In college, I went on a date with the son of my mother’s coworker. I couldn’t remember if his name was Jason or Justin, so I spent the entire night maneuvering my way out of saying his name. He... [+]
This is hell. This is high school. This is eighth-period public speaking.
“To finish your high school English credits, you have to take four more semester classes. A college level paper writing class, a literature class, an elective, and a public speaking class,” My tenth grade honors English teacher had said.
A college-style paper writing class? Easy. Literature? My highest ACT score was in reading. An elective? They’re offering a creative writing class, and I love to write. Public speaking? RED ALERT RED ALERT MAYDAY MAYDAY MAYDAY!
Even then I felt the bile rising in my throat at the thought of giving some dumb speech on whatever. What is this? I never signed up for this.
Yet nothing came about to change the fact I had to take the class. September fifth, first day of school, and I sat in the front row because that’s where I was assigned. And then he started talking. Speaking like he was born giving speeches. The teacher made it seem so easy, and I was lulled into complacency. I actually thought I could do it for a second.
And now here I am. Looking at the speech schedule posted on the Smart Board, and I am back to the fear.
The fear. The fear is everywhere inside my body, not just in my head. In my fingertips, I scratch at my jeans compulsively because If I don’t I will physically shake. My neck cramps, my stomach goes all acidic all of a sudden. My airway seems to constrict, but I don’t seem to be taking in less air. My muscles all tense. My fight or flight reflexes are on overdrive- I want to leap from my chair and run until my legs and lungs give out.
All these things would still be happening if I weren’t going first.
He printed out all our names, cut them into little strips, and numbered us off after shaking the hat he put the names in. The first name he pulls out was my own. Next was some senior that I’d never met, and after him is some precocious tenth grader. This class isn’t even offered to tenth graders, but this kid is a smarty pants who’ll be going to college before I will.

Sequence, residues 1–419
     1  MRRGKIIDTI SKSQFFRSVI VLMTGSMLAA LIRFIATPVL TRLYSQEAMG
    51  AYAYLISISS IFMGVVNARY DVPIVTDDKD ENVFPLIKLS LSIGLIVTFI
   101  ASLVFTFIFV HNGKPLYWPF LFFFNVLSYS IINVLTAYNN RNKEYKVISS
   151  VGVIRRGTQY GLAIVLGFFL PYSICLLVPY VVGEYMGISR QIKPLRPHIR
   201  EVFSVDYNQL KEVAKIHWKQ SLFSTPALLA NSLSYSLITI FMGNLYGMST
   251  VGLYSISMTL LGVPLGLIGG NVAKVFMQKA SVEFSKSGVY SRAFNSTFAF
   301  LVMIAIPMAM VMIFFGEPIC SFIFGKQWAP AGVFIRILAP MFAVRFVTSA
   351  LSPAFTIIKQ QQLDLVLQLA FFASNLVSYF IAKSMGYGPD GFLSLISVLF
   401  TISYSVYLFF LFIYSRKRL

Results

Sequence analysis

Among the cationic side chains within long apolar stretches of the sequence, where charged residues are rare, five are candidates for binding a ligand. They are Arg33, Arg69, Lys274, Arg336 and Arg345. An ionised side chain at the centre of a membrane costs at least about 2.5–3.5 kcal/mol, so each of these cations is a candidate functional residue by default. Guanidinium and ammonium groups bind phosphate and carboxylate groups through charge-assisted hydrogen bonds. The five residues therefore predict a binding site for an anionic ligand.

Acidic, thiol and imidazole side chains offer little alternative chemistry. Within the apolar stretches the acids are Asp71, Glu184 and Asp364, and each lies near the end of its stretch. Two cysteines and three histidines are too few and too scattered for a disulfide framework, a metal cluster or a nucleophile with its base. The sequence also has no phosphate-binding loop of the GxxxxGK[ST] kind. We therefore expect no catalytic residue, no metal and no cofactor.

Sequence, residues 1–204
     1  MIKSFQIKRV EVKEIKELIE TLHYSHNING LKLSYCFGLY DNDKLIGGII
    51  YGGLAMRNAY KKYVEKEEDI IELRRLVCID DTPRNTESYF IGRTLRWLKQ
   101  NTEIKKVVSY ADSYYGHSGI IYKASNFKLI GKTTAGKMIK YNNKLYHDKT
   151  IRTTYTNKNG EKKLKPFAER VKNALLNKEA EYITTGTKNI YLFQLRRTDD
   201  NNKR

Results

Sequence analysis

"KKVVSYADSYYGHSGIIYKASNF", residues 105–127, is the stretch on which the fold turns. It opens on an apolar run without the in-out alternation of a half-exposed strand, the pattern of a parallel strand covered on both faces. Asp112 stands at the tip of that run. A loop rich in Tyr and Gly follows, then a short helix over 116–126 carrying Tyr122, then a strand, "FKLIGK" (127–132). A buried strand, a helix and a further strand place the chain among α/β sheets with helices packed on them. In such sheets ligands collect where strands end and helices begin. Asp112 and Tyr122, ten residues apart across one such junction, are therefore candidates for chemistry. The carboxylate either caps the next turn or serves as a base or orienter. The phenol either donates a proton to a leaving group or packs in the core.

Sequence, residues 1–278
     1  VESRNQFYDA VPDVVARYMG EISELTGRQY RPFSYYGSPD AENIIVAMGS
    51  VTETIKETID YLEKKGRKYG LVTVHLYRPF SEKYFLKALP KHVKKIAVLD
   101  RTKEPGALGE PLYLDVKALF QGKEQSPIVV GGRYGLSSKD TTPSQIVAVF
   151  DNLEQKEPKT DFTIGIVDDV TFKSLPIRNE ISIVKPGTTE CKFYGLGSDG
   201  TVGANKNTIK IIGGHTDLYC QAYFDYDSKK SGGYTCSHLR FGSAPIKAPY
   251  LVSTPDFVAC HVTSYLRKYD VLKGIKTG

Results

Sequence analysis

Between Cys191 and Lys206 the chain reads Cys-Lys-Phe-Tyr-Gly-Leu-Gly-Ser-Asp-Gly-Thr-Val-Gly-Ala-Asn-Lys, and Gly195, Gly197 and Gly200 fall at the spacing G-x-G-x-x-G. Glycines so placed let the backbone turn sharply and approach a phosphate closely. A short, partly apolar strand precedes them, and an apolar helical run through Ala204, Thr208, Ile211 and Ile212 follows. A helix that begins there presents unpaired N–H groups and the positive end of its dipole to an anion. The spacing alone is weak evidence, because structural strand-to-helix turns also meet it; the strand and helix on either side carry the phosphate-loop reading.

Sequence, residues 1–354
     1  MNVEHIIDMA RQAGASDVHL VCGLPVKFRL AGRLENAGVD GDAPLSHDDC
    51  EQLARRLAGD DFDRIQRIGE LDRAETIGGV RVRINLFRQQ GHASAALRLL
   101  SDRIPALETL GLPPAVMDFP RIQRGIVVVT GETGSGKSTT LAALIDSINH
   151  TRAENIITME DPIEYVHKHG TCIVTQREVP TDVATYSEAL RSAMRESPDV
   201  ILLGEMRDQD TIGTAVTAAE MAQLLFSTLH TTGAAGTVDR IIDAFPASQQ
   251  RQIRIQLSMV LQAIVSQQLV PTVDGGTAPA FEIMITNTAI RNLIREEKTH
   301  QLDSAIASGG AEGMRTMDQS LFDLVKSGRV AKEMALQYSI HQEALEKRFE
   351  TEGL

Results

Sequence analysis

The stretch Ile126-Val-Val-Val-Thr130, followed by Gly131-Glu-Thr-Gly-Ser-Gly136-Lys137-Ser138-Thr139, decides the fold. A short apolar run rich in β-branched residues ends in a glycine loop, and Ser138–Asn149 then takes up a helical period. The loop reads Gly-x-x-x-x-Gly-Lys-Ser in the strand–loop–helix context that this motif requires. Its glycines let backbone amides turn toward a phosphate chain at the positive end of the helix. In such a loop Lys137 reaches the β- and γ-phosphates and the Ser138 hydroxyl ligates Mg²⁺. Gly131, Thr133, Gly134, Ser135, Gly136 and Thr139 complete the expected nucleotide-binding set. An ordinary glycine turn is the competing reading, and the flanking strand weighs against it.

None of the other names register inside my head. I almost vomit right there, all over my front row desk.
It’s not that I’m unprepared. I have my speech all written out. I’ve compulsively practiced many times. I know the speech backwards and forwards, it’s the people that I’m worried about. Their eyes on me, boring into my soul, seeing everything wrong with me. They don’t hear my words, only the quiver in my voice and they will eat me alive for simply being afraid. The other kids are monsters who will tear me apart if I show weakness. This is not a game.
The day comes, and I am not ready. My slideshow is prepared, my notecards are ready, and I’ve practiced thousands of times in the mirror. I am wearing formal clothes, and I’ve gone over the grading rubric thoroughly. I’ve got the facts down pat, so the easy part is over.
Now the hard part. My stomach writhes and I think I might vomit. I hear nothing of the guy ahead of me, only the finishing bit the signifies that it’s my turn for scrutiny.
I seem to be glued to my chair. The teacher tells me it’s my turn, and as I meet his eyes, I know something important. He must be afraid too. Or at least, once was. He can see how afraid I am, and maybe is letting me see that it will be alright.
I stand up slowly and shuffle to the podium with my note cards in hand. I know this speech in and out, It’s only the people. Usually, I pride myself in not caring what others think of me, but now every horrible situation flashes before my eyes and it’s hard to breathe. The teacher introduces me, my subject, and prepares my visual aid.